“It's just something to think about,” Ian said. “A rusty bullet. What comes to mind?”
“A bullet that's rusty.”
I often sat on an overturned crate and watched the band rehearse. Actually, I was there to watch Ian, but it was hard to ignore Shelly or Jesse Cairo, the drummer, another female. They were attractive girls and decent musicians, but they changed their hair color so frequently and to such extremes in the choice of color and style that the only way I recognized them sometimes was by the instrument they played. In height, he towered over them. At home I pressed Ian about his interest in either one of them other than as band mates.
“Dad, I'm there to play the guitar, that's all,” he would say, rolling his eyes.
They played on the Sweeney River Park stage a few weekends during the summer. With the slow-moving current of the river in the background and the lights that lined the bank reflecting on the water, it was a beautiful sight. A few hundred locals, mostly older crowds, showed up every weekend with blankets to sit on and coolers stocked with refreshments and baskets of snack food. They weren't a rock music crowd. Ian tried to arrange songs that had titles or themes that fit the location, like ‘She Took Him to the Lake’ by Mallory Knox and ‘Walk Into the Sea’ by Johnny Marr. It was obvious the audiences weren't into it. They spent time while the ‘The Rusty Bullet’ played with their heads in the baskets of food, sorting out what they were going to eat, and shouting to one another, attempting to be heard over the loud music.
In his senior year, after a trip to New York and an audition, Ian was accepted into the famed Julliard guitar department.
Before he left, we went to the cabin for our annual two-week stay. Despite his mother and I acting chipper, a cloud of gloom hung over us, somewhat muting our joy in Ian's achievement. He was 6'3” and had already lost the appearance of still being a teenager, so treating him as if he was going away to summer camp was out of the question. Every morning he and I went down to the dock where I cast out a fishing line while he played tunes on his old acoustic guitar. I had watched and heard his evolution as a musician and marveled that other than the past year of receiving training from a guitar pro to refine his skill his ability had been mostly self-taught.
On the last morning before heading back home, we sat on the dock just as we always did. He slowly plucked the strings, as if pausing between every note, playing the Otis Redding classic ‘Sittin' On The Dock of the Bay.’ The tune was unmistakable but surprised me since he rarely played rhythm and blues or soul music. When I looked over at him, he smiled at me, wanly.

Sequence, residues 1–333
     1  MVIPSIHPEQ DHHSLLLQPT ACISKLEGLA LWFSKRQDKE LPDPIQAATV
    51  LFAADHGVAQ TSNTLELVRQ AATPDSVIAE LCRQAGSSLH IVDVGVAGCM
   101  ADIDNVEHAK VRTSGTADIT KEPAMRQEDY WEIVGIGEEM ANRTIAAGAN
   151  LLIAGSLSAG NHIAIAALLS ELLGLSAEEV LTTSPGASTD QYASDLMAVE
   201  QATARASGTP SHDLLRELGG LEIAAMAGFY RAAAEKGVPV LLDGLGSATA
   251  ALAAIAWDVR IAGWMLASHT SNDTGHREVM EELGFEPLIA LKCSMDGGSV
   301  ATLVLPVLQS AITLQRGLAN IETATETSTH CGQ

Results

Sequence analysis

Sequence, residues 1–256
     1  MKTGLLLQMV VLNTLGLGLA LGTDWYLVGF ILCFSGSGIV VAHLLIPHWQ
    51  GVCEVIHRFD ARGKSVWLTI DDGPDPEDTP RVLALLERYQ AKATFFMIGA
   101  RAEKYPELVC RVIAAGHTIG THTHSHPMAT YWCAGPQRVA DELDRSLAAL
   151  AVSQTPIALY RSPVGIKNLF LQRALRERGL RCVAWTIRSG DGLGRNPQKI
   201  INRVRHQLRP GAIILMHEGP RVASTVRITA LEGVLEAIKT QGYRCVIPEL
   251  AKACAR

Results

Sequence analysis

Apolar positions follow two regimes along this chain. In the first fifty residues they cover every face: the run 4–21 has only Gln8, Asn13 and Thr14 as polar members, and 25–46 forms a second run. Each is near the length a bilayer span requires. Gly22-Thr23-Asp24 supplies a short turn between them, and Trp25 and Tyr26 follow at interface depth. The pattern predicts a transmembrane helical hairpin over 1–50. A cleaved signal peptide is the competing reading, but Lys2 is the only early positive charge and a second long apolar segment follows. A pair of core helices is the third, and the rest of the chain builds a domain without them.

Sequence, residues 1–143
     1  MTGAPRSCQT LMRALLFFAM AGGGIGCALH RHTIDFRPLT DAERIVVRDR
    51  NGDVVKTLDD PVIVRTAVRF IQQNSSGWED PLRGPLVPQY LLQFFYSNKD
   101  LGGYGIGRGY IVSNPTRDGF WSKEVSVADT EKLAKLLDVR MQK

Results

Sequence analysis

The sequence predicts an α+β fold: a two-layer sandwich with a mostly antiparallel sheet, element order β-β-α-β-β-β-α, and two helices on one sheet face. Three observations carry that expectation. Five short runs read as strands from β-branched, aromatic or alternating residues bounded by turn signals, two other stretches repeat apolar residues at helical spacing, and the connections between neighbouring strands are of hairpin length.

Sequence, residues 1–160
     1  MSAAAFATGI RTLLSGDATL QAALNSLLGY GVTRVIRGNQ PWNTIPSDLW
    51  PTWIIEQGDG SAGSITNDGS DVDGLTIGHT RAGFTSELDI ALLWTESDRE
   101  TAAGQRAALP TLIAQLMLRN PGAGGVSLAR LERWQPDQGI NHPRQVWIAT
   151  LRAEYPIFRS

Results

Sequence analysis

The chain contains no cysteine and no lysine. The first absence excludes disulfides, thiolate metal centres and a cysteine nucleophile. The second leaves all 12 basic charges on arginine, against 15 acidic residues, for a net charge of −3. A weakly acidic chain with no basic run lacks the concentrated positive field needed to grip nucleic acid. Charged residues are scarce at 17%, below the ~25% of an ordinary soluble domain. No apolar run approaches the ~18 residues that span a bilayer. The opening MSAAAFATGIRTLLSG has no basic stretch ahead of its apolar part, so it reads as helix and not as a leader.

“I don't want to go,” he said.
“Yeah, going back home is always a letdown after being here,” I replied.
“No, I don't want to go to Julliard.”
“It's cold feet,” I told him. “You'll feel better when you get there.”
“Let me put it another way, Dad. I'm not going to go to Julliard. I'm going to New York City, but I want to try hooking up with an up-and-coming band and try my hand at playing at concerts and clubs.”
Ian's mother and I had always encouraged Ian to make his own decisions. How could I tell him that he was making a mistake? I bit my tongue, waiting for the next shoe to drop.
“Dad, I need a loan to see me through until I find a paying gig.”
“How much do you need?”
A few days later I accompanied Ian to the airport. His mother was too upset to go along, although she hid the reason why from Ian. From his fifth birthday to the age of seventeen I had always been close enough to wherever Ian was that I could get to him in a matter of minutes if he needed help of any kind. As I stood at the airport terminal window and watched the airplane as it lifted up from the runway, its wheels disappearing inside the underbelly of the plane, my heart sank.
It wasn't until several days later that we heard from Ian. He called me on my cellphone.
“Dad, I've met a girl who I really like.”
He dated sometimes, but never really showed much interest in getting involved with the girls he met and rarely mentioned them.
“Who is she?”
“She's a cellist with the New York City Philharmonic. Her name is Sue Lin”
“Where did you meet her?”
“On the plane coming here. She took me on a tour of the city. On the ferry ride to the Statue of Liberty I decided to give up the guitar and try my hand at playing the cello. If you came here, you'd really like taking the ferry. It's not a lot of time on the water, but it was fun.”
“Wait, Ian. Did you say you were giving up playing the guitar?”
“Yeah, but it's no big deal. One instrument with strings is a lot like the other.”
I had no idea if that was true or not, so I didn't challenge him regarding it. I asked him to call his mother more often because she worried about him. He assured me he would and hung up.
His calls after that were infrequent, with irritated claims he was busy learning the cello and building his relationship with Sue Lin when we called and asked him to call us more often.
After a year he called me in the middle of the night. “Dad, I'm going to Venice?”
I was barely awake. “Did you say Venice? Venice, Italy?